Journalist accused of terror links freed from jail in Turkey

Journalists hold copies of Cumhuriyet hours before Kadri Gursel, a columnist for Cumhuriyet, Turkey's main opposition newspaper, being released from Silivri prison outside Istanbul, on Sept. 25, 2017. (AP)
Updated 27 September 2017

Journalist accused of terror links freed from jail in Turkey

ISTANBUL: A court in Istanbul has ordered the release from prison on bail of a leading Turkish journalist accused of having links to terrorist organizations.
Kadri Gursel, a columnist and editorial director at the opposition newspaper Cumhuriyet, was freed on Monday night after 11 months in Silivri jail in Istanbul. The court ruled that four other detained Cumhuriyet staff must remain behind bars while their trial continues.
“There is nothing to celebrate because several Cumhuriyet journalists are still facing unfair and baseless accusations,” Gursel said after his release. “Their freedoms have been taken away.”
He said he would continue his journalistic work despite difficult conditions for media freedom in Turkey.
Gursel and the other journalists are charged with having links to terrorism through their coverage of the outlawed Kurdistan Workers Party (PKK), the ultra-left Revolutionary People’s Liberation Party-Front (DHKP-C), and the movement of Fethullah Gulen, the US-based cleric accused by Ankara of being behind last year’s coup attempt. Their trial began in July and continues on Oct. 31.
Gonenc Gurkaynak, a lawyer in Istanbul, said Gursel’s release did not mean justice in Turkey had been fully delivered.
“As a British statesman famously said, justice delayed is justice denied,” he told Arab News.
“Instead of cheering his release, we should all feel shame and be astonished for every day he spent in jail for the past year.”
Steven M. Ellis, director of advocacy and communications at the International Press Institute, where Gursel is a board member, said his release was a step forward.
“We’re extremely glad that Kadri Gursel was released, but equally disappointed our other colleagues were not,” he said.
“Monday’s proceedings, with a parade of witnesses offering irrelevant commentary instead of facts, demonstrated again how absurd this case is,” and the ruling was a further reminder of the pressure on press freedom in Turkey.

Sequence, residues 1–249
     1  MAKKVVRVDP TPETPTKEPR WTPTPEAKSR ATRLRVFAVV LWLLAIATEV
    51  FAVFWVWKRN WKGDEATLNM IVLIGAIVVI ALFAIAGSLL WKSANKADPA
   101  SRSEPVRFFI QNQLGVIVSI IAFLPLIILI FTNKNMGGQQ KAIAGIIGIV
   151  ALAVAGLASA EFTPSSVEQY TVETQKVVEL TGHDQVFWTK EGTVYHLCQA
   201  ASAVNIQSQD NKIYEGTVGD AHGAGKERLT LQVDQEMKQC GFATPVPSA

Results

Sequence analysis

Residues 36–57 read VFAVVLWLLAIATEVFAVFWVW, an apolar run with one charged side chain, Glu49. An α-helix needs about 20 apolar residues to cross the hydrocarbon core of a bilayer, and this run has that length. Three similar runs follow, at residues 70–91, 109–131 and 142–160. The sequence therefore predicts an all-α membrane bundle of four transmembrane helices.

However, the Turkish President Recep Tayyip Erdogan says most of those imprisoned are not journalists, but terrorists. “Many of them have been involved in bombing incidents or burglary,” he said in New York last week.
With 171 journalists behind bars, Turkey ranks 155 out of 179 in the 2017 World Press Freedom Index of Reporters Without Borders. The Cumhuriyet trial is being closely followed by international observers and EU representatives, because Turkey has been a candidate country for the EU since 1999 and must meet accession criteria for press freedom.
Laura Batalla, secretary-general of the European Parliament Turkey Forum, said Gursel’s release was a sign of hope to other imprisoned journalists.
“Justice should be applied fairly and impartially in the trials of all those accused. The space for freedom of speech is worryingly shrinking in Turkey and it needs to be protected now more than ever,” she told Arab News.
Before Monday’s trial, pro-government newspapers Star and Aksam reported on Twitter that all the Cumhuriyet journalists would remain in prison. Both newspapers deleted the tweets, but the court lodged a criminal complaint against them.


Libya’s NOC lifts force majeure on El-Feel oilfield

Updated 26 October 2020

Libya’s NOC lifts force majeure on El-Feel oilfield

  • NOC said it expected its total oil output to reach 800,000 barrels per day within two weeks

BENGHAZI: Libya’s National Oil Corp. (NOC) said on Monday it had lifted force majeure on the El-Feel oilfield and that by doing so it had ended all the closures of oilfields and ports that resulted from an eight-month blockade by eastern forces.
NOC said on Friday it expected its total oil output to reach 800,000 barrels per day (bpd) within two weeks and 1 million bpd within four weeks after lifting force majeure on the ports of Ras Lanuf and Es Sider.
The blockade was imposed in January by Khalifa Haftar’s Libyan National Army (LNA) and ended in September when he agreed to reopen oil facilities after talks with members of the internationally recognized Government of National Accord (GNA).
NOC has been gradually lifting force majeure in facilities where fighters no longer remained and restarting production in them.
On Sunday a first tanker in eight months docked at Al-Zawiya port and began loading, an engineer there said, after force majeure was lifted last week on Sharara, Libya’s biggest oilfield.
Al-Waha Oil Co, an NOC company, also said on Sunday a first tanker was bound for Es Sider and may dock there early on Tuesday.
Force majeure refers to unexpected external circumstances that prevent a party to a contract, in this case NOC, from meeting its obligations.